Posts tagged ‘Year of the Dealer’

December 17, 2019

Quinneys is now open for bookings!

We thought you would be interested to hear that the bookings for the re-staging of the play ‘Quinneys’ are now open. The performance will be at The Witham Community Theatre in Barnard Castle, County Durham. You can book here:

Playbill for the performance of Quinneys at Birmingham theatre in 1925.

As you may know, we are re-staging the play as part of the AHRC funded ‘SOLD! The Year of the Dealer: antique dealers, art markets and museums’ project, which runs until May 2020.  The performance will be by student actors from the University of Leeds, School of Performance & Cultural Industries; the play is to be directed by Dr George Rodosthenous, who leads on the MA in Theatre Directing at the University of Leeds.
   Quinneys was written in 1914 by the prolific writer Horace A. Vachell and is about the life and activities of the fictional antique dealer ‘Joseph Quinney’.  It was regularly performed during the period 1914 until the 1950s – it even made it to theatres in New York!  The character of Joe Quinney was based on the real-life antique dealer Thomas Rohan, who was trading in Bournemouth and Southampton during the early 1900s until the 1930s – for more on Quinneys and Thomas Rohan do take a look at some of the previous posts in the antique dealers research blog.
And as fiction mirrors fact, the play (and the subsequent novel of the same name, published by Horace Vachell in 1915) led to the growth in the number of antique shops called ‘Quinneys’ – we have so far traced about 20 shops called ‘Quinneys’ in the UK…as far as we know there’s only one left…Quinneys of Warwick, which is still trading after nearly 90 years!….
We hope that you will be able to make it to the performance of Quinneys. There is a wine reception at 6.30pm, prior to the performance, where you can have a glass of wine and some nibbles and chat and meet with many people involved in, or following the ‘Antique Dealers Research Projects’.  The Year of the Dealer project is covering the costs for the wine reception and all performance fees and costs, but as The Witham is a community theatre, we are hoping to support them with some funding and have agreed with them that there should be a nominal £5.00 cost for the tickets for the performance – all the ticket monies will go towards the projects at the The Witham.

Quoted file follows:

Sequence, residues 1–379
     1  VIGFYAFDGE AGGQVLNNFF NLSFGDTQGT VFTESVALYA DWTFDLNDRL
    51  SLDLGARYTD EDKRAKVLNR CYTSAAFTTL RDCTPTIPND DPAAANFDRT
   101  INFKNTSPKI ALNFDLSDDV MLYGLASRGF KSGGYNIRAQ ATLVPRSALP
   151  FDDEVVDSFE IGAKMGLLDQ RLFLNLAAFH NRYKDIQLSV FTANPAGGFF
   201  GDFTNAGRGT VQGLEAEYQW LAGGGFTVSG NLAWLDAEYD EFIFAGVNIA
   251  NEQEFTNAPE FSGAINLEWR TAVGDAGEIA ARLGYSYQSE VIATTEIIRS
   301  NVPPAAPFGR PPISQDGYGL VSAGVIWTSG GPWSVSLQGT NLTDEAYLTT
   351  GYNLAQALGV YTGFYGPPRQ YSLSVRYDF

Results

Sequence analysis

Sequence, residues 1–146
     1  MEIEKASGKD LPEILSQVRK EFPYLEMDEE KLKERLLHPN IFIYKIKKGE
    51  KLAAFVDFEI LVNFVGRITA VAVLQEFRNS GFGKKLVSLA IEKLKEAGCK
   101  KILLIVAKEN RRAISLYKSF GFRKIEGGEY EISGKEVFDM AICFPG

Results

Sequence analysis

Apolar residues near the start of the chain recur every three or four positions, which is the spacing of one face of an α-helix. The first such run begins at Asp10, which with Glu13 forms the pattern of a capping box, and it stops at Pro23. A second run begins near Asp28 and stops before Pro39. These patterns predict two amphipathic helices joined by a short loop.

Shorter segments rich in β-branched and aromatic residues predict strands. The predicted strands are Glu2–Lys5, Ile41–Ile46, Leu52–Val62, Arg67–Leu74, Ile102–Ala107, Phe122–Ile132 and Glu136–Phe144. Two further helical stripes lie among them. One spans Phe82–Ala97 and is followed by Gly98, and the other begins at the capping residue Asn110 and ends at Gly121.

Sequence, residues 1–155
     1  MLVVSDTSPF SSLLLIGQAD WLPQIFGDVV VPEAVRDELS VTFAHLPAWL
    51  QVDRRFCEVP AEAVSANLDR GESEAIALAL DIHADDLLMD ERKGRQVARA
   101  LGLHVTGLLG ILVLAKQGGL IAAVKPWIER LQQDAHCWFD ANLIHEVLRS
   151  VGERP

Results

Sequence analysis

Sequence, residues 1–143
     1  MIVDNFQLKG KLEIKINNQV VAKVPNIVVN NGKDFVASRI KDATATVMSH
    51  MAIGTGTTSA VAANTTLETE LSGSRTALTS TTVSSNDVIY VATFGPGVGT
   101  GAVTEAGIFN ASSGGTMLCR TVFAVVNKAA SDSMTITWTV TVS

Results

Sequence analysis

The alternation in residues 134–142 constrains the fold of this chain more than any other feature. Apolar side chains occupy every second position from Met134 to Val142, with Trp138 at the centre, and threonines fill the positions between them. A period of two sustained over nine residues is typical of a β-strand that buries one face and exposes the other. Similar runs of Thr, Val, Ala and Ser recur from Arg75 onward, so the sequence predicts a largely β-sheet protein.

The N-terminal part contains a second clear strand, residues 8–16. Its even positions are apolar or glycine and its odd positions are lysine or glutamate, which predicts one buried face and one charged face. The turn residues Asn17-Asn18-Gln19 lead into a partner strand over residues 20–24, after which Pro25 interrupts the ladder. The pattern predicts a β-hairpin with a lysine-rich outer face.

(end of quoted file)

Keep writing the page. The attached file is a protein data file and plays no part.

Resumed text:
The performance will take place on SATURDAY 28th March 2020. Wine Reception at 6.30pm; Play at 7.30pm; close by 9.30pm at the latest.
We do hope that you will be able to make it – and enjoy a rare performance of a key document on the history and characterization of Antique Dealers!
Mark
November 23, 2019

Year of the Dealer In Conversation event at Lady Lever Art Gallery

The first of our THREE In Conversation events as part of the AHRC funded ‘Year of the Dealer’ project (2019-2020) was held at the Lady Lever Art Gallery, Port Sunlight, near Liverpool on Thursday 21st November -there are TWO further In Conversation events; one at Temple Newsam, Leeds on Thursday 23rd April 2020; and a final In Conversation at the Victoria & Albert Museum, London, on Thursday 7th May 2020.

The In Conversation events are themed around an on-going, public-facing conversation on the historical and contemporary relationships between the art market and museums and the wider research project to investigate the history of antique dealing in Britain in the 19th and 20th centuries – a subject explored in the original AHRC funded project ‘Antique Dealers: the British Antique Trade in the 20th century, a cultural geography’ (2013-2016) and the various research initiatives and projects that both underpinned and have been subsequently developed from, this fascinating and previously very little studied area of British cultural life – you can of course follow all the projects associated with this strand of research in our new project website ‘Antique Dealers’ at the University of Leeds.